The National Assembly approved on Wednesday major amendments to Armenia’s new Electoral Code that stem from a compromise agreement reached by the government and the parliamentary opposition earlier this month. Government officials again made clear, however, that the amendments regulating the conduct of next year’s parliamentary elections will be annulled unless foreign donors pay for the purchase of special equipment needed for their implementation.Full Article: Armenia Approves Major Amendments to Electoral Code | Asbarez.com.
On March 3, a new Draft Electoral Code of Armenia was adopted at a cabinet sitting by the Armenian Government. Chief of Armenian Government Staff Davit Harutyunyan presented the Draft and announced that the final version of the document will be prepared through active political debates to be conducted until June 1. “The focus of the key discussions should be transferred to the political field, and for that reason some discussions are proposed to be held at the National Assembly. The adoption of the Code signals the launch of public discussion phase to be held at the National Assembly,” Harutyunyan sajd. Two major innovations were introduced into the new Code. One provision states that the Head of local self-government bodies in Gyumri, Vanadzor communities shall be elected directly by electors like in Yerevan City. “This is the first step and I think the list will expand and we will move toward strengthening of the role of political forces in the communities,” Harutyunyan added.Full Article: New Draft Electoral Code Adopted by the Armenian Government | Asbarez.com.
The United States urged Armenia on Tuesday to investigate any credible reports of irregularities in a weekend referendum in which preliminary results showed voters approving a strengthening of the prime minister’s powers. The changes envisaged in Sunday’s referendum, which are due to come into force after elections in May 2017, would curb the role of the historically powerful president and give more authority to the Armenian prime minister and parliament. The opposition has said the changes are a ruse to let President Serzh Sarksyan take on an enhanced prime ministerial role at the head of the Republican Party after his presidential term ends in 2018. He has denied that. His supporters have said the changes are needed to prevent political instability.Full Article: U.S. urges Armenia to investigate any referendum irregularities | Reuters.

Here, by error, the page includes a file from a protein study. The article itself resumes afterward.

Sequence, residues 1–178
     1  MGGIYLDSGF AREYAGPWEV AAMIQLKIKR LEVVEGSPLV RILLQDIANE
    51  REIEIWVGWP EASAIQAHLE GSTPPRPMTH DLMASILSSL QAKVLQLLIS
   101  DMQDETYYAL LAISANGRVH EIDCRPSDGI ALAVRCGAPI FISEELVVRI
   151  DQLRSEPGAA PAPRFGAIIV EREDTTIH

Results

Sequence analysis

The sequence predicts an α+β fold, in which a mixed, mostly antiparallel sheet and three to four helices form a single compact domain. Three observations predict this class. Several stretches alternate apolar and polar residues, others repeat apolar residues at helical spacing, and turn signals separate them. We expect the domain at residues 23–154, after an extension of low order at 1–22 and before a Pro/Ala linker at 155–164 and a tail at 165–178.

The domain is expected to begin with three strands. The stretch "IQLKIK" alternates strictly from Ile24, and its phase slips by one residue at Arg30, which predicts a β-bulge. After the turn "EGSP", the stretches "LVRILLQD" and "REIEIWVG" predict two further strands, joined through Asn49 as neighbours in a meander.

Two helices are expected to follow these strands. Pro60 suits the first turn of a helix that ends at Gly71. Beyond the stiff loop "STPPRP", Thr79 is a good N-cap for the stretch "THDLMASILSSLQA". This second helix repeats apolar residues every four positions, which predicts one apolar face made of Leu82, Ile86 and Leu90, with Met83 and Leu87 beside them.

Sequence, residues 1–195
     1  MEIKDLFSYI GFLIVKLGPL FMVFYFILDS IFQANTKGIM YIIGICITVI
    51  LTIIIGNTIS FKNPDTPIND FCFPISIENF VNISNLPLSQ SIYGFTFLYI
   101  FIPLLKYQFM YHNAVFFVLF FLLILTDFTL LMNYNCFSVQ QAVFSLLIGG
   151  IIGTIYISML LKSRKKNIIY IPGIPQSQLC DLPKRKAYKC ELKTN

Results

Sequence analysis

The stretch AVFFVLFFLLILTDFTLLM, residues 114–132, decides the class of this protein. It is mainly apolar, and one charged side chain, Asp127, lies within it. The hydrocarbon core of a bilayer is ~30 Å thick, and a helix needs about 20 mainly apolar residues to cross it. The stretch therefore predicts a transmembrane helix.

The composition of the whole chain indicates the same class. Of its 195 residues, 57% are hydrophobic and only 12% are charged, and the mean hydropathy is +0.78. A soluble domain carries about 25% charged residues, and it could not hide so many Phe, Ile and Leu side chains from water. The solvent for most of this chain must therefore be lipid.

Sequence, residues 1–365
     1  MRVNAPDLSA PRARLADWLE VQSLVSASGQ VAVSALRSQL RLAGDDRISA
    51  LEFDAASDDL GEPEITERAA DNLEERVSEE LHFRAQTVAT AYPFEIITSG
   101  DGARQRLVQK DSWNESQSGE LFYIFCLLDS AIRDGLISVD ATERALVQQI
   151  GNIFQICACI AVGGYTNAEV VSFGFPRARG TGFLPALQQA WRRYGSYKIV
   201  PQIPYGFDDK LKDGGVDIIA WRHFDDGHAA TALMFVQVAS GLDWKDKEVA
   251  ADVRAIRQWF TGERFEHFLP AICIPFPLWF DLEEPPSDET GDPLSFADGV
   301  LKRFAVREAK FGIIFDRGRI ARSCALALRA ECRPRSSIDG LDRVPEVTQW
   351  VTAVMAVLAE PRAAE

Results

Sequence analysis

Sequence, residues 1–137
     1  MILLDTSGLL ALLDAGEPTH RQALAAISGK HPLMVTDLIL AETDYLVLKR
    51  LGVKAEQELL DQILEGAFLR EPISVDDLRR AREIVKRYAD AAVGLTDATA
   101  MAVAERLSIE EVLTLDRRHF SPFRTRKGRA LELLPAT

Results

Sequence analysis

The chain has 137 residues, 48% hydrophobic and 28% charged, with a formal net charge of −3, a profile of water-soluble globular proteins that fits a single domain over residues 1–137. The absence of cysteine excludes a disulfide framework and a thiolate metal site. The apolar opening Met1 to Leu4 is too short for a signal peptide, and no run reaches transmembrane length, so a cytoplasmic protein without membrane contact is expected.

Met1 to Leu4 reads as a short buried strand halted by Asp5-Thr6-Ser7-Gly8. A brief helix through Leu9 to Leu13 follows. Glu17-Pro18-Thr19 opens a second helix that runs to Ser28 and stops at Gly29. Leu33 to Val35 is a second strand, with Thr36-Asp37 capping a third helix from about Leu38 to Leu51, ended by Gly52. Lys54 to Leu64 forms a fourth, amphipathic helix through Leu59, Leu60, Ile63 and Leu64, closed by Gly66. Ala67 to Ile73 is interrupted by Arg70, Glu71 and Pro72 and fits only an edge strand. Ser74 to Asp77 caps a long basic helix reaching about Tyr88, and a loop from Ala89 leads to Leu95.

Armenians voted in a referendum to boost the prime minister’s powers, results showed on Monday, a move supporters say will bolster stability but opponents warn will entrench the ruling party’s control over the ex-Soviet state. Observers from the Council of Europe rights group reported problems with the voting lists and other irregularities, and said that the low turnout suggested many voters saw Sunday’s referendum as a piece of political maneuvering. The ruling Republican party, which called the vote, said minor violations could not affect the result.Full Article: Armenian Vote Boosts PM's Powers, Opposition Cries Foul.